A complete real estate market melt down is still firmly in the mind of many millennials. This has a large number of them continuing to rent as the housing market gradually improves. If you are thinking of buying a home, there are a lot of things to consider. The type of mortgage you have will impact your financial future for many years to come. Make an informed decision by knowing the basics about each type and how it may work to your advantage or disadvantage.
Adjustable rate mortgages (ARMs)
The rate for a one-year adjustable rate mortgage decreased to 2.39 percent from 2.40 percent during the second week of July, 2014. Five-year adjustable rate mortgages dropped from 2.99 percent to 2.97 percent.
Also known as variable-rate mortgages, this type of loan is considered one of the more risky. Your monthly payments will be adjusted at specified times based on the status of the interest rate and market behavior. While you do get a lower payment and interest rate initially, rates can increase steadily over the life of the loan. Typically there is a maximum interest rate and monthly payment. If you are considering an adjustable rate mortgage, base your decision on whether or not you can comfortably afford the maximum payment with the highest possible interest rate.
Fixed rate mortgage
On July 17, 2014, Freddie Mac reported that the rate for a 30-year fixed mortgage dropped from 4.15 percent to 4.13 percent.
The most common type of home loan is also the simplest and best way to plan your budget over the long term. It is available in 10, 15, 30, and 50-year terms. The interest rate remains the same and so does your monthly payment for the life of the loan. It is not affected by inflation, the stock market, or fluctuations in interest rates. You can use tools like the Bankrate mortgage calculator to see the results of making extra payments toward principle.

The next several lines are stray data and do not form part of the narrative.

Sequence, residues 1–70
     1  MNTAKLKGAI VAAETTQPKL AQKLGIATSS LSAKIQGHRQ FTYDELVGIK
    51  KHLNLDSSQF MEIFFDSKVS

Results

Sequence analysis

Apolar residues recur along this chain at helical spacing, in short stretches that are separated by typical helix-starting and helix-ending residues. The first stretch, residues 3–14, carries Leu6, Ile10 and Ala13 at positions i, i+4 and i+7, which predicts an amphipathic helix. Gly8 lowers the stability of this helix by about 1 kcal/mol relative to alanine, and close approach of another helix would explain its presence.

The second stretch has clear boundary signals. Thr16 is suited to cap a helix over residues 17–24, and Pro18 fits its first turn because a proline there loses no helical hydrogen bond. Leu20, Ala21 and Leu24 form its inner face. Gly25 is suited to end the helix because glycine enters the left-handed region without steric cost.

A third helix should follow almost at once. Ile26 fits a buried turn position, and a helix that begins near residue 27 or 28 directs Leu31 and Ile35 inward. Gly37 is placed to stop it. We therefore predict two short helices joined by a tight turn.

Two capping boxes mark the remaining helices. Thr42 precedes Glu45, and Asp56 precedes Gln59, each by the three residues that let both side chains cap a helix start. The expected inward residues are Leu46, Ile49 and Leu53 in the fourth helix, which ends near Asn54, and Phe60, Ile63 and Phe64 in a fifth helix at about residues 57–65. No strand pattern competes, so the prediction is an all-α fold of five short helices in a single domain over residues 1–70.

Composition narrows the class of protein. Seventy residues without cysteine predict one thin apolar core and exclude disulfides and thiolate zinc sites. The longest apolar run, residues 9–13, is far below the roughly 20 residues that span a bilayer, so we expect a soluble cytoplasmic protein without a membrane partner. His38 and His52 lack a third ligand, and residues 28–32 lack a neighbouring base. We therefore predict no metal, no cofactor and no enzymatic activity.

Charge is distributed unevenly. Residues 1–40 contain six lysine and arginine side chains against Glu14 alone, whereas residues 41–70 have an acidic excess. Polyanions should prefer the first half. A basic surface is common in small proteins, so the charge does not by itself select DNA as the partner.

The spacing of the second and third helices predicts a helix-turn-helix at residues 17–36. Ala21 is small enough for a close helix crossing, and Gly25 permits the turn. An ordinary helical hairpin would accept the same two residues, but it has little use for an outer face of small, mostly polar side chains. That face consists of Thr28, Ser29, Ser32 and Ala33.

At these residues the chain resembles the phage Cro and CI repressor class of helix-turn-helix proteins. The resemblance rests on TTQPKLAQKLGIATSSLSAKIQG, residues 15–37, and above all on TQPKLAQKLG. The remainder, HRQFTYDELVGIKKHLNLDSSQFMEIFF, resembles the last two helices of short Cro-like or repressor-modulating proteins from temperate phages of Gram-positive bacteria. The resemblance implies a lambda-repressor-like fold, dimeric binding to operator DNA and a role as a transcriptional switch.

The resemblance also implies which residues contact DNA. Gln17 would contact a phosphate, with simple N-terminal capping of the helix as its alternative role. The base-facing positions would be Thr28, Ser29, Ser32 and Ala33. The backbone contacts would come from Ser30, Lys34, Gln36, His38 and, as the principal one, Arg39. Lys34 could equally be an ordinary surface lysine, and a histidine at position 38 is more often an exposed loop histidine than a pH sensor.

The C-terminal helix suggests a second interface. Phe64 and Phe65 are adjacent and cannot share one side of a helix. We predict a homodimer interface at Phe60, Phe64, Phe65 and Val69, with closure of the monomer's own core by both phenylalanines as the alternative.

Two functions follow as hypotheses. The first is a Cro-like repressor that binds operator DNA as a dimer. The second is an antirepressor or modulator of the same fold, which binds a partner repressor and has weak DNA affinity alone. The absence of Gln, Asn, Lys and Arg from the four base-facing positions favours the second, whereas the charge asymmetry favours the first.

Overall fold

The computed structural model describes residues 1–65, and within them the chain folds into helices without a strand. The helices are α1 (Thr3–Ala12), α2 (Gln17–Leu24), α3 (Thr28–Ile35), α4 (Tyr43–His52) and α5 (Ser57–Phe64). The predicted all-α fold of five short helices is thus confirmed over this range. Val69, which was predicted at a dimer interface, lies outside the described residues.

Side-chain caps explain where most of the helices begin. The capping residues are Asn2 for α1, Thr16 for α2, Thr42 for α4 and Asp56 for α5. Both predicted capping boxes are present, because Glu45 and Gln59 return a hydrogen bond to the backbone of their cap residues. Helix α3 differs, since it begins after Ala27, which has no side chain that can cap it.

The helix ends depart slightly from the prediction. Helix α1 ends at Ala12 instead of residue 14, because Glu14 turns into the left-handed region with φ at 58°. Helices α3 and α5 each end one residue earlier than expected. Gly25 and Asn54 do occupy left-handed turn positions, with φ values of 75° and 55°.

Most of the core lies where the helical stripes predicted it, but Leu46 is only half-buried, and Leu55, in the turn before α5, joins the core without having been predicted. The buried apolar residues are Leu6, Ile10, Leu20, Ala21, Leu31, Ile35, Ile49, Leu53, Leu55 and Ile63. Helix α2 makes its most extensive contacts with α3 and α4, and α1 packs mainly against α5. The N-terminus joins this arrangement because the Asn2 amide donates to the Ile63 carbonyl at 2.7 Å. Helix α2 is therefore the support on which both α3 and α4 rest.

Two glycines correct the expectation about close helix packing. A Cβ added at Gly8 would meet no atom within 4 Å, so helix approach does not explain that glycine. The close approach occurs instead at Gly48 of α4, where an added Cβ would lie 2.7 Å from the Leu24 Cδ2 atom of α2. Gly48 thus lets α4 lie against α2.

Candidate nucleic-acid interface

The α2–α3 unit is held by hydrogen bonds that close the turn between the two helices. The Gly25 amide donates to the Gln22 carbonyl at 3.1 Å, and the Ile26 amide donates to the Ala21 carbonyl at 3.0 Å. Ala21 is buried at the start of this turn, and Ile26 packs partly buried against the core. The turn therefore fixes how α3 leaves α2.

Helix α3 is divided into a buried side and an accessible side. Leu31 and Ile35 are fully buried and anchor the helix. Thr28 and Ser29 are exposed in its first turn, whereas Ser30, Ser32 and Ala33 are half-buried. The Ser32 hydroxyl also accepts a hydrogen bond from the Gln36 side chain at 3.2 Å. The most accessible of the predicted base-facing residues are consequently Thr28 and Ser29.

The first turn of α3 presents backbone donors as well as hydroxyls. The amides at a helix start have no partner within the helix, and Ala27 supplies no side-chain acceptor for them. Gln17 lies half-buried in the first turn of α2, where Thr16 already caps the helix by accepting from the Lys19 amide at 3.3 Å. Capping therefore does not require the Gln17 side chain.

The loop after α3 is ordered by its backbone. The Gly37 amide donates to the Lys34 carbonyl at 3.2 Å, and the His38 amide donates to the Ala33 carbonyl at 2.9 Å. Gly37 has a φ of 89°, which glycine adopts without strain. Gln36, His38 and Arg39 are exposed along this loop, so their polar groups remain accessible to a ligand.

Federal Housing Administration loan (FHA)
This loan is insured by the federal government and makes loans available to families and individuals who may not qualify for a conventional loan. It requires a lower down payment and make qualifying easier for first-time home buyers. You can visit the U.S. Department of Housing and Urban Development for more information.
U.S. Department of Veterans Affairs (VA loan)
Available to both veterans and the spouses of deceased veterans, the requirements for this type of home mortgage vary according to how many years the veteran served and what kind of discharge they received from the U.S. Armed Service. The primary benefit is that no down payment is required. Visit the U.S. Department of Veterans Affairs for eligibility requirements.
Interest only loan
This loan got a lot of people in trouble a few years back and contributed to the real estate market collapse. Your monthly payments go only toward interest for a set amount of time. That interest rate might be fixed or adjustable. When the interest only period ends, payments increase and go toward both principle and interest. Interest only periods are typically 5 to 10 years.
Regardless of which loan you are planning to use, begin preparing several months before you start shopping for your new home. Get copies and your credit report and make sure there are no errors. Speak with a loan counselor at your bank to see if there are any things you can do to improve a low score. The better your score and the more money you save for a down payment, the better your position when you are ready to purchase your home.